A father has told of heartbreak after son inherits the same rare degenerative condition and is now struggling with mobility — aged just 5

A father has told of his heartbreak after his son inherited the same rare degenerative condition as him and is now struggling with mobility — aged just five

Andrew Frerichs, 51 and son Calum, 5, both live with Charcot-Marie-Tooth disease (CMT), a condition which affects the dexterity of their hands and legs.

But dad Andrew does not want his son to be disadvantaged by the disease, which caused him some pain growing up.

Andrew was diagnosed aged 11, after inheriting CMT from his late father. His sister Beth Popa, 50, and her nine-year-old twins also suffer from the disease.

Calum’s twin sister Amber, and brother Dylan, 8, did not inherit the disease from their father, despite a 50/50 of them having it.

Dad Andrew said: “We don’t put any limits on Calum. Anything he wants to do he can do.

“He could have it much worse than me, I know five-year-old boys who have it and are in wheelchairs, so we want to do as much as possible with him now.

“He knows his legs are not got and has legs like Daddy’s, but he doesn’t realise he has limitations, and sometimes hurts himself doing things he can’t manage.

“He might fall over when he tries to run if he loses his balance, but he just carries on. It doesn’t hold him back.”

Sadly for Andrew school life was very difficult.

He explained: “My school was very physical, sports-orientated school and I struggled – a lot.

“I would fall all the time and couldn’t run or kick a football like the other kids did.

“I liked sports, but because I had CMT I couldn’t keep up and I was picked last for teams, which did nothing for my self-confidence.”

The Falkirk father has had to give up all of his hobbies and his job as a chef after it became too dangerous because of his condition.

Andrew said: “Being a chef became too dangerous. There were too many hots things I could drop or spill if I lost my balance.

“I have some pretty nasty cuts from knives as I struggled to use them.

“But I went back to university and got a business degree, and now work in the retail business in Glasgow.”

Andrew also had to give up on his love of fishing, snooker and riding his motorcycle.

His condition prevents him from tieing knots for fishing, bridging his hand for snooker and changing gear on his bike.

Day-to-day life is different for the family, as wife Alison juggles caring for Andrew and Calum, with her job as a bank manager, and looking after Amber and Dylan.

“First thing in the morning Alison massages my legs so I can walk, and last thing at night she stretches Calum’s muscles”, said Andrew.

“I can’t open simple things, like packets of ham, or cartons of milk, I can’t put tokens in trolleys at supermarkets, I can’t even tie my own shoe laces.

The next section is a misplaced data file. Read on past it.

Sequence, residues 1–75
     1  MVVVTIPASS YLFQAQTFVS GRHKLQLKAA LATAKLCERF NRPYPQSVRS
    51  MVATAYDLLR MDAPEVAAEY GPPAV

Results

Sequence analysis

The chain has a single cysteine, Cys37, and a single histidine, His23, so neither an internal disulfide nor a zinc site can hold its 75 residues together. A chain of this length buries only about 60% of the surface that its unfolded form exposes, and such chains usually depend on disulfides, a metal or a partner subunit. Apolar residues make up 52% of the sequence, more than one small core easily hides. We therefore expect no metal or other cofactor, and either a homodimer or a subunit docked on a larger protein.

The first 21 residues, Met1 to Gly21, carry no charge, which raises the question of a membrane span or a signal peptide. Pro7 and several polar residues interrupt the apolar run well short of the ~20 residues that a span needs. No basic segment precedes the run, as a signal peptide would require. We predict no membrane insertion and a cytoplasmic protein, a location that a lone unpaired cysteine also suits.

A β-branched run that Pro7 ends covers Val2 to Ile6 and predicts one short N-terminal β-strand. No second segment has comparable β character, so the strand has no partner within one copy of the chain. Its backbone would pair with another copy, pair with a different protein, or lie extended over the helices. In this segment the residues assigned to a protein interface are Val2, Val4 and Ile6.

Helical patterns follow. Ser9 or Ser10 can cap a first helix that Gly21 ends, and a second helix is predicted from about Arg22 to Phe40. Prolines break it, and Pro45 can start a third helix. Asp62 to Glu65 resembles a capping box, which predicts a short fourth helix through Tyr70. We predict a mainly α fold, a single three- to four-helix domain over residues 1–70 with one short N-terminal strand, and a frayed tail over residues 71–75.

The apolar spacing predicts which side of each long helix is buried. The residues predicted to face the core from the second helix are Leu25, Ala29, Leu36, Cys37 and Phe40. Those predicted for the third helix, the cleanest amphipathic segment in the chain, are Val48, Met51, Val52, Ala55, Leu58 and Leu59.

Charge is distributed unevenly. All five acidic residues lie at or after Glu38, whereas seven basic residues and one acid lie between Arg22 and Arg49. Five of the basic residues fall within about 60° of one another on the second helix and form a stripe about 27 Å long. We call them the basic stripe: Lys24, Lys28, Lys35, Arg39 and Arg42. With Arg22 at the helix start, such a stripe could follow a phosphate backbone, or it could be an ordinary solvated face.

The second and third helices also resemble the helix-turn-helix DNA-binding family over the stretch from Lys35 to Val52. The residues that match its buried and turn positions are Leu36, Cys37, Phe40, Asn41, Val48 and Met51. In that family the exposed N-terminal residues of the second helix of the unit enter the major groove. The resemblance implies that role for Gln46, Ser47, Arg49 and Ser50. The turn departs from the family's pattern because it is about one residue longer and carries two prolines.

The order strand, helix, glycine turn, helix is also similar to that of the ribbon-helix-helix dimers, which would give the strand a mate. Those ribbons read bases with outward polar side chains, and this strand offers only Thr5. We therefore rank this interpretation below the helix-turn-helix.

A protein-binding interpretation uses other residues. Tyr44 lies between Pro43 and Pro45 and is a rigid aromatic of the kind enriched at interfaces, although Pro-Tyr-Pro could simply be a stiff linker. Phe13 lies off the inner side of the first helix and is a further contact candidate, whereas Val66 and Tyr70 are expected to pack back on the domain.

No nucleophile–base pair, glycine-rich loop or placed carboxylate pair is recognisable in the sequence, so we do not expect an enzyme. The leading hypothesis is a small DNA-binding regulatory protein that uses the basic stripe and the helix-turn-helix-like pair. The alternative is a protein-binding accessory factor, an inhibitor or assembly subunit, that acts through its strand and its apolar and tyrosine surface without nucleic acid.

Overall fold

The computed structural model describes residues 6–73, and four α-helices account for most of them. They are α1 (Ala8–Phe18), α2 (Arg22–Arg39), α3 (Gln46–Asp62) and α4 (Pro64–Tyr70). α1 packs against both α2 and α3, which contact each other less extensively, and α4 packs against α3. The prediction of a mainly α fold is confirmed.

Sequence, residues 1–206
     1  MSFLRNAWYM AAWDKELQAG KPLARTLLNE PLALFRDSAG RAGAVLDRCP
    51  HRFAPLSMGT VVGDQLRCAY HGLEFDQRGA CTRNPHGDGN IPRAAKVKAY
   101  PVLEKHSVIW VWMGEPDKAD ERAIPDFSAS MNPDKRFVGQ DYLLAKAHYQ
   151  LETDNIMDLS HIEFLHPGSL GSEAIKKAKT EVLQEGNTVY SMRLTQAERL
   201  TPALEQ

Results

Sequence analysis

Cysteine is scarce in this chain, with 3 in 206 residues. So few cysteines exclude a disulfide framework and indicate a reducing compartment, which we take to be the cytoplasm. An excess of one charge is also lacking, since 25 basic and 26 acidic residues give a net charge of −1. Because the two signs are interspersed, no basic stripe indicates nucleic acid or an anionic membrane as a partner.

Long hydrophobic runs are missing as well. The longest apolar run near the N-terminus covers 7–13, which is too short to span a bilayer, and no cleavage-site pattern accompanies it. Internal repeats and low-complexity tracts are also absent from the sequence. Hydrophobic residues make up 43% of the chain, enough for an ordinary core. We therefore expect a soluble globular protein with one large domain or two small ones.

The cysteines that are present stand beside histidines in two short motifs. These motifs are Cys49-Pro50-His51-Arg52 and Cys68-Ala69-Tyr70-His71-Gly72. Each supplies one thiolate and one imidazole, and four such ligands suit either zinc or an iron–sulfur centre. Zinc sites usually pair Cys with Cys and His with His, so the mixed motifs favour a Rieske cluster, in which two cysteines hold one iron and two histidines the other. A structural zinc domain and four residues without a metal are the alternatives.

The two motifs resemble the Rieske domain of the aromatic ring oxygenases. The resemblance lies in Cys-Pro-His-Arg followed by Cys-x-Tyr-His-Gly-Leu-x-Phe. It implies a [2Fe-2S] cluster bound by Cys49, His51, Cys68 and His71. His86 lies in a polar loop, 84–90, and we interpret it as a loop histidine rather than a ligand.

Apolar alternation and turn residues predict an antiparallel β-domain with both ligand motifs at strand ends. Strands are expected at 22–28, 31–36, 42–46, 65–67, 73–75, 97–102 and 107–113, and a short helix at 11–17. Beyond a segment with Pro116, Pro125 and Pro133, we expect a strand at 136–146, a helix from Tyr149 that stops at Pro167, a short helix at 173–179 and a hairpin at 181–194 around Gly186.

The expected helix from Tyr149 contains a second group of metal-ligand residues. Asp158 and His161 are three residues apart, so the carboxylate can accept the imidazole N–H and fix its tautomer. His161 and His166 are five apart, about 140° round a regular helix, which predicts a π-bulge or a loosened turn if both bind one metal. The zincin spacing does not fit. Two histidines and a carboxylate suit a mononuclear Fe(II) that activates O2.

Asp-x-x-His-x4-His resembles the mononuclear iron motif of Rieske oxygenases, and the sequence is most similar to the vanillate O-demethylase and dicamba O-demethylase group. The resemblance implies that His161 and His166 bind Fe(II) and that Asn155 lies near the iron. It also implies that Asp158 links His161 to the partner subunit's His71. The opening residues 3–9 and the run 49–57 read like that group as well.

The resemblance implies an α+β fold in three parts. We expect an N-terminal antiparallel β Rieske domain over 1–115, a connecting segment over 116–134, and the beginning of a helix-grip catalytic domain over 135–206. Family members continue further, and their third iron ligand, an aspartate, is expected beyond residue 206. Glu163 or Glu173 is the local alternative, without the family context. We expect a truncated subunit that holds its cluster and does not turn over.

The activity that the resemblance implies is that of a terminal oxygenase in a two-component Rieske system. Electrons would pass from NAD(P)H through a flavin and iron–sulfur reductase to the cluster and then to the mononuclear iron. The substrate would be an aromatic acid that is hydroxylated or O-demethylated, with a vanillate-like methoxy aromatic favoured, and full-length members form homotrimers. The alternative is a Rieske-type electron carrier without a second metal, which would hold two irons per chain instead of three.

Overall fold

“When the boys play football and their lace comes undone, I need to ask someone else to tie them.”

But gadgets are helping Andrew carry out simple day-to-day tasks and giving him a new lease of life.

Andrew would be completely unable to walk without the support of Silicone Ankle Foot Orthosis (Safo’s).

The revolutionary technology works by supporting the front of his leg down to the top of the foot, helping Andrew to lift his foot during walking.

Andrew now uses a specialised set of cutlery as his dexterity problems mean he struggles to pick up and use ordinary ones.

Unable to grasp zips or do up buttons, Andrew also has devices that help him when he is getting dressed.

But the father of three is finding it difficult to sit on the side lines as he is not always able to do things with his children.

“Calum loves to go swimming. People with CMT might not be able to walk very well but we can swim”, said Andrew.

“However I can’t walk from the changing room to the pool – it’s just physically impossible because of the way I walk on my nails – walking on hard flooring is agony.

“So he goes swimming with his mum or grandparents.

“Going out and about and going on holiday are the biggest nightmares for me. I need to look at what things we can’t do, rather than things we could.

“Alison wants to go to Spain, and all go to a water park, but I won’t be able to do anything with them, I’ll just be sitting spectating.

“I would love to be able to take part with them like every parent would. I want to play football with my boys and run around with them but it’s just not possible.”

Charity Charcot-Marie-Tooth UK is launching CMT awareness month today (Fri) and will celebrate Global CMT Awareness Day on Friday 29 September.

Karen Butcher, the charity’s chief operating officer in the UK, said: “As a charity supporting people with CMT, it is our role to speak up on their behalf and help them with the challenges they face.

“In addition to this, we also offer advice and support to those who think they might have the condition but haven’t been diagnosed yet.

The charity offers advice on how to manage the condition as well as support with
benefits, jobs and family issues.

Readers wanting to find out more should visit www.cmt.org.uk or contact 0800 6526316 or donate by visiting www.justgiving.com/CMT

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